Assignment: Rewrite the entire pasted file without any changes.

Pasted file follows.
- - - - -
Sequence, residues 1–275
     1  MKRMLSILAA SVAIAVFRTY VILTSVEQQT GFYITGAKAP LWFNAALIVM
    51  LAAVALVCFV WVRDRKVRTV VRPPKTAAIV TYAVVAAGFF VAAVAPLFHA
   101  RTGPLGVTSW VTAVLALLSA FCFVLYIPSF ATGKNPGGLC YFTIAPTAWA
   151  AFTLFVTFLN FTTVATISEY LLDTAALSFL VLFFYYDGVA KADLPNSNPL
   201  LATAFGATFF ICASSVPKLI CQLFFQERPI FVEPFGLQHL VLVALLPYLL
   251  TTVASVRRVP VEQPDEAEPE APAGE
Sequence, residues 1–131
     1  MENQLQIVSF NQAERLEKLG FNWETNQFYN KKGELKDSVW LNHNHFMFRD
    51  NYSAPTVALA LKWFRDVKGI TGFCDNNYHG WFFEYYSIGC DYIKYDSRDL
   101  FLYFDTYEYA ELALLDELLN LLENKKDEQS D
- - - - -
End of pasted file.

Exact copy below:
Sequence, residues 1–275
     1  MKRMLSILAA SVAIAVFRTY VILTSVEQQT GFYITGAKAP LWFNAALIVM
    51  LAAVALVCFV WVRDRKVRTV VRPPKTAAIV TYAVVAAGFF VAAVAPLFHA
   101  RTGPLGVTSW VTAVLALLSA FCFVLYIPSF ATGKNPGGLC YFTIAPTAWA
   151  AFTLFVTFLN FTTVATISEY LLDTAALSFL VLFFYYDGVA KADLPNSNPL
   201  LATAFGATFF ICASSVPKLI CQLFFQERPI FVEPFGLQHL VLVALLPYLL
   251  TTVASVRRVP VEQPDEAEPE APAGE
Sequence, residues 1–131
     1  MENQLQIVSF NQAERLEKLG FNWETNQFYN KKGELKDSVW LNHNHFMFRD
    51  NYSAPTVALA LKWFRDVKGI TGFCDNNYHG WFFEYYSIGC DYIKYDSRDL
   101  FLYFDTYEYA ELALLDELLN LLENKKDEQS D